Chaired by Prime Minister, NEDC should comprise certain union ministers and all Chief Ministers as mooted by Sarkaria Commission. Mr. Modi drew curtains on this vision by abolishing both NDC and Planning Commission. They were replaced with NITI Aayog in 2015.

Punchhi Commission found NEDC idea relevant. The relevance has increased since then amidst conflicts over laws, policies and projects. The unsustainable debt taken by Centre and the States lends urgency to the need for expenditure reforms.

It is pertinent to recollect the fact that Mr. Modi, as Gujarat Chief Minister, was a vocal advocate for implementation of 7-volume report of Punchhi Commission. Sincere Action on it can bring about paradigm shift cooperative federalism and accelerate economic development.

As Chairman of Inter-State Council (ISC), PM is yet to bite the bullet on this matter. After Mr. Modi became PM, ISC met only once during July 2016, as compared to his earlier advocacy that it should at least meet twice a year. We urge him to convene a meeting of ISC on Punchhi Commission's recommendations, which were earlier processed by ISC's standing committee in three meetings held over two years.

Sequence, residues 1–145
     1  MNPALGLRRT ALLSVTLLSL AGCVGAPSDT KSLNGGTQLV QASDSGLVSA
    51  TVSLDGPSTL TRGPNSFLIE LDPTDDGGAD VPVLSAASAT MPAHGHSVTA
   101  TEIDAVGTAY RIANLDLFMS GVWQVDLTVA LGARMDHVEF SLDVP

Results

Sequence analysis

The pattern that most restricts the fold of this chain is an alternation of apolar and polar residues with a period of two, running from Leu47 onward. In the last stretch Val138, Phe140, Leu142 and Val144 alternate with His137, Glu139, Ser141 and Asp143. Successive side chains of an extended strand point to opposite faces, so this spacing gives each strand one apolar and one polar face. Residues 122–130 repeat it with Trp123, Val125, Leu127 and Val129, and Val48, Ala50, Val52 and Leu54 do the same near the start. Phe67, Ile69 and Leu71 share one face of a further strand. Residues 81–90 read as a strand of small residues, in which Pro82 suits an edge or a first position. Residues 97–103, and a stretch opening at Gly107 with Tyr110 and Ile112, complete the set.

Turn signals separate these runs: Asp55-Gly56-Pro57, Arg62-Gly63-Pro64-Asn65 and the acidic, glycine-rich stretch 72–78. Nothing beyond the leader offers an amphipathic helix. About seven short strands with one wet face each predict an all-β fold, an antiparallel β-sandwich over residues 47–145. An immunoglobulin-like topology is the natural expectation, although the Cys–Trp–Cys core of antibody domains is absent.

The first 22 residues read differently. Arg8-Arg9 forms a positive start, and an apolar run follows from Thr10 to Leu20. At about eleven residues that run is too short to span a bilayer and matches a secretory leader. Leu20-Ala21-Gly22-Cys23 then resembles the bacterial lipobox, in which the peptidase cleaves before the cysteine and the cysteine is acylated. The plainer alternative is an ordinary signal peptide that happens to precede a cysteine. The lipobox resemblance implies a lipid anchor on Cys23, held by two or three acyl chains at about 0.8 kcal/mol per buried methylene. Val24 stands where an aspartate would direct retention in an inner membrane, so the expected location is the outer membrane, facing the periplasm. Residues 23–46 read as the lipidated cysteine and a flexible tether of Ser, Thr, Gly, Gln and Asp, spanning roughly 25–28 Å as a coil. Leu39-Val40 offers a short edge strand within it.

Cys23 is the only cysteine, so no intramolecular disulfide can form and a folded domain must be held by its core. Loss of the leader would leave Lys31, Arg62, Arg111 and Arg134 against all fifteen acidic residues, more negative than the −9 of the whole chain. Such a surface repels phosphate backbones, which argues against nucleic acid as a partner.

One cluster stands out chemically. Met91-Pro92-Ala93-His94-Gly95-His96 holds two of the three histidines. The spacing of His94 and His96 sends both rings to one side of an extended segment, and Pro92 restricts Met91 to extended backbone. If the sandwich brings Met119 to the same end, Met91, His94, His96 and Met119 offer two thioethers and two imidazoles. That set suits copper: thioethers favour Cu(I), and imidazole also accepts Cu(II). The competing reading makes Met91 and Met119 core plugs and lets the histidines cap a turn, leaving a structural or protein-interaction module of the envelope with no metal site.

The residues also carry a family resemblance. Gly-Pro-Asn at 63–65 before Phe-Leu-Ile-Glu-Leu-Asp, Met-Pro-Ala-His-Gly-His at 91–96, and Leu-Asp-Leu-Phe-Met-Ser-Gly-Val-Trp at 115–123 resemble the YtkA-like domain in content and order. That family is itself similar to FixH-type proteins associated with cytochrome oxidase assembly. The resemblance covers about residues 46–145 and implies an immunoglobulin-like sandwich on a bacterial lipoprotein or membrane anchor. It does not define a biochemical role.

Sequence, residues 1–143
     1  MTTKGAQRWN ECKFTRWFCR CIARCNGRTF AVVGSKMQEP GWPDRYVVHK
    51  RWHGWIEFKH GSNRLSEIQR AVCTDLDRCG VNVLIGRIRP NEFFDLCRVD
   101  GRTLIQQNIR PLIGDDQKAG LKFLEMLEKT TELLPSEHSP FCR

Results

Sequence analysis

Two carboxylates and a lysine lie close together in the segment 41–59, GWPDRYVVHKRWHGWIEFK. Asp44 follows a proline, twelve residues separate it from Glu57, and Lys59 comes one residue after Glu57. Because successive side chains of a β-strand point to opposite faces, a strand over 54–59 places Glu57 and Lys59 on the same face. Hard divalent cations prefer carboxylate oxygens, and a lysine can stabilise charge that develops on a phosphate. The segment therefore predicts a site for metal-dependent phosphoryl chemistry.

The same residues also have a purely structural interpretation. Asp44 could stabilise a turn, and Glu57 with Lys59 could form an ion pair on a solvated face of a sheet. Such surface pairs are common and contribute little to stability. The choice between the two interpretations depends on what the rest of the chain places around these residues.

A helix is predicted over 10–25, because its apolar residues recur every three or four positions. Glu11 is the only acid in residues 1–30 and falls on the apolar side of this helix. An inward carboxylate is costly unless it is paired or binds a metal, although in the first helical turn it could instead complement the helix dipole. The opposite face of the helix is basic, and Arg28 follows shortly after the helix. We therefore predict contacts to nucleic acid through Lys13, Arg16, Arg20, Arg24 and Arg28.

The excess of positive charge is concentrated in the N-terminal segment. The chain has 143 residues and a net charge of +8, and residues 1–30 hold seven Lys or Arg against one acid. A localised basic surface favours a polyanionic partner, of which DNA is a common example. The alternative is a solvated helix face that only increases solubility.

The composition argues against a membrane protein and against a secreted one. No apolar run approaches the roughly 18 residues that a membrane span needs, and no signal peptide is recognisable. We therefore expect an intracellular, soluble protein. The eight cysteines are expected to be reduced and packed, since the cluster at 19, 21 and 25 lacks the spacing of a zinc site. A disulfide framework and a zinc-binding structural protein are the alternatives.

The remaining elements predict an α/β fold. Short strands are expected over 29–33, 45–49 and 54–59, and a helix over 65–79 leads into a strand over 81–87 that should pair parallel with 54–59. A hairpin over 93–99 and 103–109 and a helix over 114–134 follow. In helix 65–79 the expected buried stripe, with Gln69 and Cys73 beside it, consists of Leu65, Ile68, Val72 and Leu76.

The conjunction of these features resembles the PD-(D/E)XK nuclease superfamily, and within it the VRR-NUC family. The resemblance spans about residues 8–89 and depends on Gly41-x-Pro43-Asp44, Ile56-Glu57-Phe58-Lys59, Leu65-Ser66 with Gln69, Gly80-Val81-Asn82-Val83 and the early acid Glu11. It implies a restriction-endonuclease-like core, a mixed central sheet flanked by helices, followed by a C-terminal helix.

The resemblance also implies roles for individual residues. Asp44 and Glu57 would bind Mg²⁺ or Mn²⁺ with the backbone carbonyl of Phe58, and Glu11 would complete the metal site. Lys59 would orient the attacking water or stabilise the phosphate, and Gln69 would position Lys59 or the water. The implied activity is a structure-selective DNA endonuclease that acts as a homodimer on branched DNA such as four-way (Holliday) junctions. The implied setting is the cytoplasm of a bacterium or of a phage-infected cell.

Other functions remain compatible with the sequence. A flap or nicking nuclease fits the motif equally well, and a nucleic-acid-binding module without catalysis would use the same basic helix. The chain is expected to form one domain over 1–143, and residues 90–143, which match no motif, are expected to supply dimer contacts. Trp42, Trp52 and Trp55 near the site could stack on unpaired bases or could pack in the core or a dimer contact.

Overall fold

In the third volume of its report, Punchhi Commission articulated the need for NEDC. On expenditure reforms, it observed: "Central and State governments should take into account the high opportunity cost of populist measures. It is necessary that a comprehensive paper on direct, indirect and cross-subsidies, covering both the Union and the State Governments is prepared by the Planning Commission every year and brought before NEDC for discussion".

There is, in fact, need for two annual papers or reports - one on tax expenditures borne by Centre, States and local bodies. To begin with, each tier of Government can bring out its annual tax expenditure report. The second report should be on direct and indirect subsidies doled out by three tiers of governance. To get going, each Government can bring out its own annual report on subsidies of all sorts.